Unfortunately, it is too late for many species. I read a disturbing article recently regarding Australian mammals, reptiles and bird species where it was stated that feral cats are currently responsible for their declining numbers. For example; 29 indigenous mammals have been made extinct since 1788 (when cats were first introduced); one cat eating between 3 – 20 native animals per day! Naturally, reptiles and birds are a part of their diet.
    I love all animals, as well is known of me. However, when humans refrain from ‘good thinking’ the environment, and the animal kingdoms, are generally the first to suffer.
    A huge challenge for those of us who care!

    1. Thank you for your very thoughtful comment, Carolyn. I am reading many alarming reports from all over the world…and in my little head I’m thinking about ways to make a difference. It is a huge challenge…somehow those of us who care have to come together to get our voice heard. XXX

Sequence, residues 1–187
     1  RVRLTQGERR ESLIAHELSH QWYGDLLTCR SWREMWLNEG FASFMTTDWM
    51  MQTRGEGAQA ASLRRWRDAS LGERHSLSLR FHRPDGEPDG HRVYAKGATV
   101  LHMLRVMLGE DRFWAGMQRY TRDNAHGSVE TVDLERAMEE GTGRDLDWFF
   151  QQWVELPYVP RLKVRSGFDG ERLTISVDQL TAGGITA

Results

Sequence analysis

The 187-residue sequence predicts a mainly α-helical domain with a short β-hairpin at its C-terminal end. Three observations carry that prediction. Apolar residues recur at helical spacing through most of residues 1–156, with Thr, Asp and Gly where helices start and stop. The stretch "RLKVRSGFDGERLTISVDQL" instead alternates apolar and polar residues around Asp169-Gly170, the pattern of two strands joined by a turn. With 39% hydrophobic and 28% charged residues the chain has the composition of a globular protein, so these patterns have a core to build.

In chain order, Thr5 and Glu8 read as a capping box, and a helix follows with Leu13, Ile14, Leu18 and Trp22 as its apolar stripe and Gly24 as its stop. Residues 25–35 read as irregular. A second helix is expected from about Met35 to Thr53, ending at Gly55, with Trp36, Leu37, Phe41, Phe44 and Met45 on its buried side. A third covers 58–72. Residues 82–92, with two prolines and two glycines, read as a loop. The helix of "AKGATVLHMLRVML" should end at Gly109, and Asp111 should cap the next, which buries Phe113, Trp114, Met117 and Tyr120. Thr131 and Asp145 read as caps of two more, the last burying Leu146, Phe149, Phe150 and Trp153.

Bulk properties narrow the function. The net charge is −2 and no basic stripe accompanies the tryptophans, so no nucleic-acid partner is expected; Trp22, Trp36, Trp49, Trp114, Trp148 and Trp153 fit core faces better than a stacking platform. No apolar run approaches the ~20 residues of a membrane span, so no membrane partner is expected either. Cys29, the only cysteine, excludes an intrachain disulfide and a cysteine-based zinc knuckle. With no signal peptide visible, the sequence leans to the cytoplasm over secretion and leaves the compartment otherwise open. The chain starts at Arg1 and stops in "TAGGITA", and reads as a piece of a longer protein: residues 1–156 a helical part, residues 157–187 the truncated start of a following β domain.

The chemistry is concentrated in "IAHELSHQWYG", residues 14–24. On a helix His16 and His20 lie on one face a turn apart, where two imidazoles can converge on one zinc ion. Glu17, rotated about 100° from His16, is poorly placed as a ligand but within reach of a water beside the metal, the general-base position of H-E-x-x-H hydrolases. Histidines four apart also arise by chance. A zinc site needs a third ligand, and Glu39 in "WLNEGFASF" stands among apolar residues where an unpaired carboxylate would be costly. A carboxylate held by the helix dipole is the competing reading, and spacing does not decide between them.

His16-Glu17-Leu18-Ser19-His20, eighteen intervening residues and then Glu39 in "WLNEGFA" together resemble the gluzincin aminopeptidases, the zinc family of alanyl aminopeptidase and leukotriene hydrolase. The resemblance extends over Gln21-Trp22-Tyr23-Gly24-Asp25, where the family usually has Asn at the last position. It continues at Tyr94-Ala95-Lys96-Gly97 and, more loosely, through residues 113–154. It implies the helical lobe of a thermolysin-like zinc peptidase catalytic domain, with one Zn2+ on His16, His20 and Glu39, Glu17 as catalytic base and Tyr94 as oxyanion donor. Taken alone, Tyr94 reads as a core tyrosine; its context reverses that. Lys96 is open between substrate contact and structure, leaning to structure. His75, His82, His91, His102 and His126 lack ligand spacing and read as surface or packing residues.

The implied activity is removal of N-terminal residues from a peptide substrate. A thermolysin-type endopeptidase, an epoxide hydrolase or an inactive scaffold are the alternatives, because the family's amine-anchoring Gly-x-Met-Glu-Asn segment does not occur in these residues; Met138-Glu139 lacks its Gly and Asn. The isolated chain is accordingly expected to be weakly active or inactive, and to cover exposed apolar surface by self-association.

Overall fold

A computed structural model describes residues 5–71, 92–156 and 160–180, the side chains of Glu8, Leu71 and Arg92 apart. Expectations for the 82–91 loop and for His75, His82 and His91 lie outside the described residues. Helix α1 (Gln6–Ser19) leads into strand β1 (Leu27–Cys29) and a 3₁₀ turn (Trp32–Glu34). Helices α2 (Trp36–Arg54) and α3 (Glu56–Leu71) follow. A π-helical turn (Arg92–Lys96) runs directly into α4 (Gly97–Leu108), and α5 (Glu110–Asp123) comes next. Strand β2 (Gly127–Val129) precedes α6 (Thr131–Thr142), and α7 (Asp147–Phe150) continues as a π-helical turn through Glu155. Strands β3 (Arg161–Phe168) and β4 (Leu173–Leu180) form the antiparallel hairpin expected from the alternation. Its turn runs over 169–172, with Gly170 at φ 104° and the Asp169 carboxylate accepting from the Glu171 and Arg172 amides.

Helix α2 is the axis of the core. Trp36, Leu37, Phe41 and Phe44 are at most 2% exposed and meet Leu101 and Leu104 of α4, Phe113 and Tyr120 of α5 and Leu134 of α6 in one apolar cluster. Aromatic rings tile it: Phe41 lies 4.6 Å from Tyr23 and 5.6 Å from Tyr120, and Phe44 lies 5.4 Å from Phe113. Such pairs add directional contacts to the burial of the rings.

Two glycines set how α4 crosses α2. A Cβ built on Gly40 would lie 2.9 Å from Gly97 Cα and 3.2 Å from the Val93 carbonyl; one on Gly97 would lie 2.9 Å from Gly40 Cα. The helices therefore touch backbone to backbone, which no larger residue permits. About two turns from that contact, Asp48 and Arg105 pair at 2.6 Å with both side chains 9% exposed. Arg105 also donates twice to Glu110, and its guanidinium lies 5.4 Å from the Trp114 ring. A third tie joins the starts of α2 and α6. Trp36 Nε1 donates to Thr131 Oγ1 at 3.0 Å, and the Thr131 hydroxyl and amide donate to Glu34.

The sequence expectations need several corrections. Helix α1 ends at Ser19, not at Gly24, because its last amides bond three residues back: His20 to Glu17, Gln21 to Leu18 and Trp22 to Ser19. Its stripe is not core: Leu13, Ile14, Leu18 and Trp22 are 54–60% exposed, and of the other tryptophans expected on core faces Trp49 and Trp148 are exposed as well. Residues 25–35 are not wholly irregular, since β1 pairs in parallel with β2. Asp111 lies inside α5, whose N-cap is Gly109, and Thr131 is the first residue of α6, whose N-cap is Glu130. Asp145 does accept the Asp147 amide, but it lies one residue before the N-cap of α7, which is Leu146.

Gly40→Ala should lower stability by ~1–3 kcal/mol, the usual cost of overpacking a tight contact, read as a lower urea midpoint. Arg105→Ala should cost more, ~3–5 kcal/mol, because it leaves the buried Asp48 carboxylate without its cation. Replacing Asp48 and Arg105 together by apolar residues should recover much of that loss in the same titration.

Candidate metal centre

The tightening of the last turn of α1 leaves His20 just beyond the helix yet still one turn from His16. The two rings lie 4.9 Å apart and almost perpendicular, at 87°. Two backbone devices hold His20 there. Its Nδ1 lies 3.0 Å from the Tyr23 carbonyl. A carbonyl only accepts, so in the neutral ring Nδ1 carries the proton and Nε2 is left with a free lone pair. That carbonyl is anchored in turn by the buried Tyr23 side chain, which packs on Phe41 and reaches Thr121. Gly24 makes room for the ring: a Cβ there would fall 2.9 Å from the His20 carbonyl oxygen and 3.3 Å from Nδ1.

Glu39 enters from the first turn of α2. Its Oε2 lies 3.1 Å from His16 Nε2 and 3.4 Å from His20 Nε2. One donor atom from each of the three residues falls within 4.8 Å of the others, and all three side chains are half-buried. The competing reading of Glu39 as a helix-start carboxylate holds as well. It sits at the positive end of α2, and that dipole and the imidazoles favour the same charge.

11. The initial owl photo is fabulous Tiny. What an incredible shot. Seeing the monarchs is a very good sign as too few fly the skies any more.
    All a big treat!
    Have a most beautiful Christmas season, Eddie

  12. Thank you dear Eddie. I wish the lead photo was a Snowy Owl. Unfortunately I have not see one ‘live’ as yet. I realized that the Ringbilled Gull flying straight towards me is very similar looking, but the eyes of the Gull here are not “level” forward as they would be on an owl. It was wonderful to still have the privilege to see so many Monarchs – a rare sight for which I am grateful.

  13. How beautiful ! We often get “butterfly trees” here during goldenrod season. But the best ever was when I visited a monarch layover station in California. It was incredible. Thousands upon thousands seemed wonderful until I learned there used to be millions each year. You’re right, action is key.

  14. Breathtaking photos, Helen — I so appreciate your thousands of nature photographs over the years, my friend. You fill so many people with beautiful images of nature, thank you for this action you have taken.